Co-pays, deductibles, etc. If you click on a plan's name, you will be able to see the details of the plan. Look to see what you will have to pay for a doctor visit or a stay in the hospital. Look for the annual out-of-pocket limit. This is the most you would have to pay out of your own pocket in a year if you had some kind of catastrophic medical expense. If it is more than you think you can afford, you might be better off paying a slightly higher premium to get a lower out-of-pocket limit.
List of participating doctors and hospitals. With very few exceptions, Medicare Advantage plans have provider networks. If you do not use a hospital or doctor in the plan's network, it will either pay nothing or very little. If you click on a plan's name and scroll down on the resulting page, you can see how many doctors take part in the plan. You can also click on a link that will take you to the plan's website so you can look to see whether your doctors and hospital take part. You can also ask your favorite doctors what Advantage plans they take part in and which ones they recommend.
Dental and vision coverage. Many Advantage plans come with some dental and vision coverage. On the listing, you will see small circles that have a D or V in them if they have this kind of coverage. You can click on the plan name, then on the "Health Plan Benefits Tab," then on the link that says, "View More Detailed Cost & Benefit Information." There you will see the details of dental and vision coverage.
Coverage while traveling. Many plans will only pay for emergency care when you are away from home. If you divide your time between two homes or pay extended visits to your adult children, this could pose a problem if you need something routine such as a lab test. A few plans have national networks you can use, but you can't see this information on Medicare.gov. You will have to call the plan directly to ask about it. The plan's listing on Medicare.gov has numbers for you to call.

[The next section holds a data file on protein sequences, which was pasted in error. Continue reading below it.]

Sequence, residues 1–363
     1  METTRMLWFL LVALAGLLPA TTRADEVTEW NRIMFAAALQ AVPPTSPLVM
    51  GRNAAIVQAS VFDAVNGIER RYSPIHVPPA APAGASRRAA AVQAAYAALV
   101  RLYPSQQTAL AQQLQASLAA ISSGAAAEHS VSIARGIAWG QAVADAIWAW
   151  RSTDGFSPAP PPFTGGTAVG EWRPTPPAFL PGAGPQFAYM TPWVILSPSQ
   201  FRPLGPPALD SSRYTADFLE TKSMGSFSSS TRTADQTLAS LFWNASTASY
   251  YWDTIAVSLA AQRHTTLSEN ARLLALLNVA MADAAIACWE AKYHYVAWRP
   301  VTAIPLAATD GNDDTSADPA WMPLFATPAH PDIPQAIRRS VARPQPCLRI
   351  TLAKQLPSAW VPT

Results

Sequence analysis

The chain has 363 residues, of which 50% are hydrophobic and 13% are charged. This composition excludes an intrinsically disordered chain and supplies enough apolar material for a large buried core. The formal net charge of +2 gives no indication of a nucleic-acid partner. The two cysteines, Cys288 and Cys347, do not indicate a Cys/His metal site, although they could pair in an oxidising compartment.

Medigap plans can turn you down or charge you more for pre-existing conditions at certain times In every state, you have a guaranteed right to buy a Medigap policy for six months starting the first day of the month you are at least 65 and enrolled in Part B. During this grace period, the insurance company is not allowed to turn you down or charge you more because you have a pre-existing condition. This is called "guaranteed issue."
Brian Rodgers wrote: Thanks for posting the links I'l peruse the Consumers reports pages. The truth is I don't know what Medicare Advantage is so I better start reading.
Jeanine Gurley Jacildone wrote:So what if you don't pay for any supplement? I am covered by the VA but am planning for my husbands medical.
If you just get medicare with no supplemental insurance - then what? Is there anyone that does this?
It's just like a fortune cookie, but instead of a cookie, it's pie. And we'll call it ... tiny ad:
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